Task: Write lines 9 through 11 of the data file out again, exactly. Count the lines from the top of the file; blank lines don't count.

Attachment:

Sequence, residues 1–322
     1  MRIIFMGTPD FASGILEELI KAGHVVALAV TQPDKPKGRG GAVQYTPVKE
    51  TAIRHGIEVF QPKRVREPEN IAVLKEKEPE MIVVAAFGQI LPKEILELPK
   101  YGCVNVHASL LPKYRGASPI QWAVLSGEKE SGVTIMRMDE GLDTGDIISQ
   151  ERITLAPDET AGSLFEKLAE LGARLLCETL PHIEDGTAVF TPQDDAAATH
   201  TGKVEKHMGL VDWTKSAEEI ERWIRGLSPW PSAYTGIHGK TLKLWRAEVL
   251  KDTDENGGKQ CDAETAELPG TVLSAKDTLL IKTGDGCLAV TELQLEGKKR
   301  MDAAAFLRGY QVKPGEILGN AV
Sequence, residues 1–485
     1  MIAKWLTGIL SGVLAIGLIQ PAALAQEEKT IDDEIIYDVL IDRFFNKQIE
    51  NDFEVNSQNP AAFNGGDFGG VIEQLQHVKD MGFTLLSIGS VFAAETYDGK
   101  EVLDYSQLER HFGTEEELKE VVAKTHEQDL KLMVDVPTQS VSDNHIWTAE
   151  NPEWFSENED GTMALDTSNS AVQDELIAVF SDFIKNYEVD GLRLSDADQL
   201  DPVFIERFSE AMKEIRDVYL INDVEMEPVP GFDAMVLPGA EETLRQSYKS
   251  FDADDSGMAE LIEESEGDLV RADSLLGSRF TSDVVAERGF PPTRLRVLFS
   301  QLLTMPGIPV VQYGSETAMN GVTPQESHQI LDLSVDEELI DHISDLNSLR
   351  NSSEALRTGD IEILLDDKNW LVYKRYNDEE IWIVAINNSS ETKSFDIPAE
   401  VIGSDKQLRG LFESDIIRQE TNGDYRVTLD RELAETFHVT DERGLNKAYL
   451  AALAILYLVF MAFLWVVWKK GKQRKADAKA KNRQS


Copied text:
Sequence, residues 1–485
     1  MIAKWLTGIL SGVLAIGLIQ PAALAQEEKT IDDEIIYDVL IDRFFNKQIE
    51  NDFEVNSQNP AAFNGGDFGG VIEQLQHVKD MGFTLLSIGS VFAAETYDGK